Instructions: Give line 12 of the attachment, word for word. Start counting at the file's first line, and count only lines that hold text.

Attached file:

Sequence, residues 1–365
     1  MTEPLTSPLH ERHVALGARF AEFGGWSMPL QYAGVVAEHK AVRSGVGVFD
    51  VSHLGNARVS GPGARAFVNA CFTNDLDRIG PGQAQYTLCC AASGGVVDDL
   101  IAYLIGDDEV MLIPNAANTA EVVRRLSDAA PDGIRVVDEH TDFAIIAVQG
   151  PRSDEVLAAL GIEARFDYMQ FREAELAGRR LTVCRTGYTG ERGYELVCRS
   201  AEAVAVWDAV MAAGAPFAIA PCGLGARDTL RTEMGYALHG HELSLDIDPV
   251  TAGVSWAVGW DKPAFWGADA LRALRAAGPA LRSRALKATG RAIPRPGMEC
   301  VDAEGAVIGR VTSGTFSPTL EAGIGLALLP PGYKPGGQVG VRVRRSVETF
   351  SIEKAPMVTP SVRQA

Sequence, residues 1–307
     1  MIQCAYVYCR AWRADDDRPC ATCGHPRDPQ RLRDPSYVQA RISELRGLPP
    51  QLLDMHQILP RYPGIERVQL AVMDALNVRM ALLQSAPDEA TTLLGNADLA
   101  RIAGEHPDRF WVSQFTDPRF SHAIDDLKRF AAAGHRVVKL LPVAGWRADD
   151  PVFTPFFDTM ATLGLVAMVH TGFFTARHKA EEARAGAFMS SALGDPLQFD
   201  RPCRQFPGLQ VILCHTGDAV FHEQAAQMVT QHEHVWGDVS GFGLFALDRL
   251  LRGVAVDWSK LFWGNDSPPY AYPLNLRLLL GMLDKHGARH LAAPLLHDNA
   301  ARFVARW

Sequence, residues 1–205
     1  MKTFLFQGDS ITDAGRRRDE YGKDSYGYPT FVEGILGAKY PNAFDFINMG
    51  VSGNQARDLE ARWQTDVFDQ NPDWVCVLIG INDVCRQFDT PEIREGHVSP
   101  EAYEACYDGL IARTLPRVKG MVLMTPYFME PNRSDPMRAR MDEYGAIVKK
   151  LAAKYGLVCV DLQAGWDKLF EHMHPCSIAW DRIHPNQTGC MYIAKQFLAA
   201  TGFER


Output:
    51  QLLDMHQILP RYPGIERVQL AVMDALNVRM ALLQSAPDEA TTLLGNADLA